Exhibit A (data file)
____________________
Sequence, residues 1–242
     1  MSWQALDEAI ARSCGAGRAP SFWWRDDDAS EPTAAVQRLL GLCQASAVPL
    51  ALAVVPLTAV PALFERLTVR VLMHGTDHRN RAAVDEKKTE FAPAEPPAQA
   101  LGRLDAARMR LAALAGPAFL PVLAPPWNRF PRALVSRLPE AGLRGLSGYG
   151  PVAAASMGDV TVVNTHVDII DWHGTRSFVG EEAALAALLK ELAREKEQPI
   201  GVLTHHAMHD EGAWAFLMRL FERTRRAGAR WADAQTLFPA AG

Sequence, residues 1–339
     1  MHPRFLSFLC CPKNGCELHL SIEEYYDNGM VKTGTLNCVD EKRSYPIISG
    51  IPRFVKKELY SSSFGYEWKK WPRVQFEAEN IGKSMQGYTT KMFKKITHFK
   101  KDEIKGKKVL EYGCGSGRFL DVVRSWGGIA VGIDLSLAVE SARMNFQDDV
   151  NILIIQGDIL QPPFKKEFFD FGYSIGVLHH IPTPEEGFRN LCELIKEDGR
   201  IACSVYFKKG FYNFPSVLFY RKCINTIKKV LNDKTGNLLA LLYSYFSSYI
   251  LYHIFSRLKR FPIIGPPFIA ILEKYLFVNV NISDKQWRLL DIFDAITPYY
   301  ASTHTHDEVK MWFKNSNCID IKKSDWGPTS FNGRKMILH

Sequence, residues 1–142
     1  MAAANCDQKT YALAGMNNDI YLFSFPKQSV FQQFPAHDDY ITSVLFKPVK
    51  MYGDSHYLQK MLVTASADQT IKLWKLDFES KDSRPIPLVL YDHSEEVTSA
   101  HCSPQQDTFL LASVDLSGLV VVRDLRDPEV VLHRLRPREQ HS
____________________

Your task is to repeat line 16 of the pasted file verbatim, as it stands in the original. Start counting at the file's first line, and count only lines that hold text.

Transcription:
     1  MAAANCDQKT YALAGMNNDI YLFSFPKQSV FQQFPAHDDY ITSVLFKPVK